Here’s what the Industrial Revolution taught us. It’s really simple: if you’re a selection representative or recruiter who currently thinks AI could never, ever replace your job, you are mistaken. In fact, you’re not just naive, you’re dead wrong.

I know you’re about to start trolling me about how indispensable you are, and how no machine can ever replace your specialized skills, expertise or years of experience. But here’s the thing: it’s not about you, at all. The biggest change in recruiting will have almost nothing to do with recruiting – the future of the industry will be largely determined by how candidates adopt (and adapt) to new technology.

That is to say, in the event that you haven’t made sense of the significance of engagement in any case, or see regardless of what the market resembles, candidates are quite the ones in charge – at that point, you’re either capricious or run a work area for Robert Half.

For those of you who are at least a little aware of the shape of things and the reality of our professional existence, you know there’s more to the story than just right and wrong – there are a ton of shades of gray involving economics, egos and ethics at play here, too. Now, I can’t predict the future – and if I could, I’d sure as hell not be blogging for I’d take my capitalist ass over to some hedge fund and start building enough wealth so that I never, ever had to work again. Hey, the industrial age taught me something too – namely, greed isn’t good, but disposable income sure as hell is.

That said, I can clearly see how the rise of robotics, advances in automation, AI and machine learning will all coalesce to more or less reduce headcount across recruiting, with most of we replaced by machines quicker than you can say, “SkyNet.” Here are some of the biggest areas I think this latest tech revolution is going to again displace an entire category of workers – or at least, severely threaten the profession’s long term viability and sustainability.

1. Process Over People: The most obvious, of course, is that any area of our business where distinct inputs and outputs occur – stuff like screening, sourcing, and assessments – will largely become automated, with the intermediary role the recruiter plays rendered unnecessary by the ease of candidate and hiring manager self-service. This is just how machines work – put something in, get something out – that is, if we’re not talking about legacy HCM or ATS systems or InMail, of course.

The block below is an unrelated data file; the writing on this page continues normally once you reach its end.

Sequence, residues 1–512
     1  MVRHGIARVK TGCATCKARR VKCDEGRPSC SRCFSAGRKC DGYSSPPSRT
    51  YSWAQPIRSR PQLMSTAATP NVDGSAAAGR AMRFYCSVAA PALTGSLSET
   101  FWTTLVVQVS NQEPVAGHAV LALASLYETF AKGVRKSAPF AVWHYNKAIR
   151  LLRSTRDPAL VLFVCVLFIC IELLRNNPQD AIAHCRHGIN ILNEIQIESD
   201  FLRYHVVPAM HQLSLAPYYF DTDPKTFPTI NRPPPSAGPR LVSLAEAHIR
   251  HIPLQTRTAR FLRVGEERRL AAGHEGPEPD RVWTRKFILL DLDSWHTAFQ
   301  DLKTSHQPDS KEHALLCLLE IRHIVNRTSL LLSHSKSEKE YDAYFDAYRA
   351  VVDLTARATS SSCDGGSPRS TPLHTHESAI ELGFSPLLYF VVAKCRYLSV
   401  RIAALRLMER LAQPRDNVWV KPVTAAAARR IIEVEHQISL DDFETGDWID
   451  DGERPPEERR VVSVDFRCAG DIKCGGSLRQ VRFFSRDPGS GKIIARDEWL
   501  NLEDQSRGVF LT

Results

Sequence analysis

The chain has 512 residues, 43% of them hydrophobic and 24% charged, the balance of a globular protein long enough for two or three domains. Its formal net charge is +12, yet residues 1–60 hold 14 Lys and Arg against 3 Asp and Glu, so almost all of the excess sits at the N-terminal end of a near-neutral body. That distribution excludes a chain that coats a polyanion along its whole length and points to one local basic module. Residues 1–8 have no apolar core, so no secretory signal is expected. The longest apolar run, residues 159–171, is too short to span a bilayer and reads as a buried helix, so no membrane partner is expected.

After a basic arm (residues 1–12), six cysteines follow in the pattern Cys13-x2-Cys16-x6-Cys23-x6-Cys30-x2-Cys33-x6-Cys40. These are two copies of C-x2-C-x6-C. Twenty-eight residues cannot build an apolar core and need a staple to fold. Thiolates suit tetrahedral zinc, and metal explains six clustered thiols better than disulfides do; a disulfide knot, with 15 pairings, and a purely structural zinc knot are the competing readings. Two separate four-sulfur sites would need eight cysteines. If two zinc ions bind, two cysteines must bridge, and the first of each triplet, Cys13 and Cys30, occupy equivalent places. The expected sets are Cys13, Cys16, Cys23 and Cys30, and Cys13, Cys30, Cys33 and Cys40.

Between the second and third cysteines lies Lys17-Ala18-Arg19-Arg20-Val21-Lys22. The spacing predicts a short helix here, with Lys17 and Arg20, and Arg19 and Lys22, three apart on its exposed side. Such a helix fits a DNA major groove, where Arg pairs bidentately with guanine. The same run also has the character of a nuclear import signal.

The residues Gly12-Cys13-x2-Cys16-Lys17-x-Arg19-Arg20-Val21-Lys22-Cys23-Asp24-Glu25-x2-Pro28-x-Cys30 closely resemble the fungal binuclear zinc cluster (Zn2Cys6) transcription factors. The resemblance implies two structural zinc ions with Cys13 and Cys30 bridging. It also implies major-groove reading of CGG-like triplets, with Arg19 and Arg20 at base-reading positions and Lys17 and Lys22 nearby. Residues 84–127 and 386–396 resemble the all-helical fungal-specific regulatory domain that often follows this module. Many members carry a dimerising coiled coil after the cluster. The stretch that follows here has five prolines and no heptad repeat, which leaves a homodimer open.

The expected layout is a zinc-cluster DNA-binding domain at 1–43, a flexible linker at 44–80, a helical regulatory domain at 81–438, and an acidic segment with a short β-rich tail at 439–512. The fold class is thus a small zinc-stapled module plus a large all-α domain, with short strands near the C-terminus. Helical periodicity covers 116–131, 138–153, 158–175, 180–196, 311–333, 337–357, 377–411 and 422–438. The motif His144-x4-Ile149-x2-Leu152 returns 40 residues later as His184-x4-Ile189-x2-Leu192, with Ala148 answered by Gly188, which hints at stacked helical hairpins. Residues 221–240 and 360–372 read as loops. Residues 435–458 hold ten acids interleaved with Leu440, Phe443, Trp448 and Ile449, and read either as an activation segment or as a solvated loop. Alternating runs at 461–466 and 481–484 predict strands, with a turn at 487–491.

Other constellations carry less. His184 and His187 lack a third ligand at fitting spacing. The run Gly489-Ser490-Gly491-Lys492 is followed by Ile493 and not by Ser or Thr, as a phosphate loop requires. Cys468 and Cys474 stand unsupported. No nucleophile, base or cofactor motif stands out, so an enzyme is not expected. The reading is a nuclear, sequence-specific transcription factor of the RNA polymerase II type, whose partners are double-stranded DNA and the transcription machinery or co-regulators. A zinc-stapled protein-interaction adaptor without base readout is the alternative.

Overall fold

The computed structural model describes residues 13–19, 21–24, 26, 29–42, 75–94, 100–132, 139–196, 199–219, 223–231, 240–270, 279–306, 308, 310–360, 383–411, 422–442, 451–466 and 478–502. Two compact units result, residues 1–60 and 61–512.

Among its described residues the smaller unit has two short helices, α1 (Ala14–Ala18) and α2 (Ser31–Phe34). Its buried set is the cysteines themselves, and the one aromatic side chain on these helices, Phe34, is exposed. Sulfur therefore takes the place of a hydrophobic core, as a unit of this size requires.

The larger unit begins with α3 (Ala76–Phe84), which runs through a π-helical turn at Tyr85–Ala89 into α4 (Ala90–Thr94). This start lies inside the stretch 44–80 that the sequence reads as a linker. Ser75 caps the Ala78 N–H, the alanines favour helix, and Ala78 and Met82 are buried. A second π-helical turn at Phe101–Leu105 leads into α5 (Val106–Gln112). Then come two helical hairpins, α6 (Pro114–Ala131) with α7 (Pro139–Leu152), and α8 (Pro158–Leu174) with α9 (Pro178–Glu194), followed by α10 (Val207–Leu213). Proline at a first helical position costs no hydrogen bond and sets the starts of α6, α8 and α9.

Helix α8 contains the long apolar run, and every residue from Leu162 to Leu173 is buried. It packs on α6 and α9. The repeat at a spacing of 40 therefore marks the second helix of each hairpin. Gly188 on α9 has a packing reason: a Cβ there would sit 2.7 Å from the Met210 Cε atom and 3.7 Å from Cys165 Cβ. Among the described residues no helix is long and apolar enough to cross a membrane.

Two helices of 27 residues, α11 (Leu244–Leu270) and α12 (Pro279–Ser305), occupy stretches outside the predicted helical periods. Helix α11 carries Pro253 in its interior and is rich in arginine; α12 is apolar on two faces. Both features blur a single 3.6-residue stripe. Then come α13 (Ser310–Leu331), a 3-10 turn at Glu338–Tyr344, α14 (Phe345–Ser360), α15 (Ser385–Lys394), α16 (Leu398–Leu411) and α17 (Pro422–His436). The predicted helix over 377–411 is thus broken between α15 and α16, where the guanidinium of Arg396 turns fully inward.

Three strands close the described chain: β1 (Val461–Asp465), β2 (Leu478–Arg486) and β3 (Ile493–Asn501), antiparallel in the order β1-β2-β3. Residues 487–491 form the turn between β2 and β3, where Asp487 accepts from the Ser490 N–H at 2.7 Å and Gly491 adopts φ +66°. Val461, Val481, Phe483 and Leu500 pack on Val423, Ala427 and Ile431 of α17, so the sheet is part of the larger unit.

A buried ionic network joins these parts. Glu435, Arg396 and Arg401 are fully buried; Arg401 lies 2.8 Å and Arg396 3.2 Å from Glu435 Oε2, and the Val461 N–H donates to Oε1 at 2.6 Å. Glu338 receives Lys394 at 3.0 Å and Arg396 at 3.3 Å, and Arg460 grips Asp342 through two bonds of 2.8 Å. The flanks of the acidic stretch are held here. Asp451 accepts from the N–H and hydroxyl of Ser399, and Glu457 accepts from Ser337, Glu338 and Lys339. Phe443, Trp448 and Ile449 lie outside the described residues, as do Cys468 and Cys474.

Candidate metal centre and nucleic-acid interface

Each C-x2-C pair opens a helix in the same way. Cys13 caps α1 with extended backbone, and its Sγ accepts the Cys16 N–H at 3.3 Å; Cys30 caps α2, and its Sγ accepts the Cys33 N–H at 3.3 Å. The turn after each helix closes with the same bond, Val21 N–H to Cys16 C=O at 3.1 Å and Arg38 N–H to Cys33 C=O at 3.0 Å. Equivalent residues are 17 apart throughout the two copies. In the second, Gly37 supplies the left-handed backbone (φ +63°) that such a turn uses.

When you can cleanly identify elements of a Boolean String, as an example, and then automatically refine or generate those strings based on previous results, algorithms and historical aggregate data, then that is a process that’s already become more or less automated, even if you’re still building them the old fashioned way. In fact, as technology like natural language search, improves with more data and more sophisticated semantic capabilities, machines will easily develop a better command of word associations, related terms, and modifiers than your brain is even capable of, even if you’re the best Boolean black belt in the world.

2. The Applicant Tracking System: Talk about a category that’s going to see some dramatic changes – I mean, these systems have to advance, or else, they’re going to be rendered more obsolete than the recruiters using them sooner rather than later.

But for you, the recruiter, increased automation will mean advances like dynamic profiling which automatically updates candidate records (which already exists, and is only getting better), unveil previously undiscovered candidates by moving from keyword to semantic search, moving to a standardized resume profile that’s transportable and universal, or even confirming applications or candidate identity via biometrics, such as using your fingerprint to initiate a background check upon submission of application. Don’t believe the hype and ignore the buzzwords. This is what the future looks like – and you don’t need to be an Oracle to see a market rife with disruption.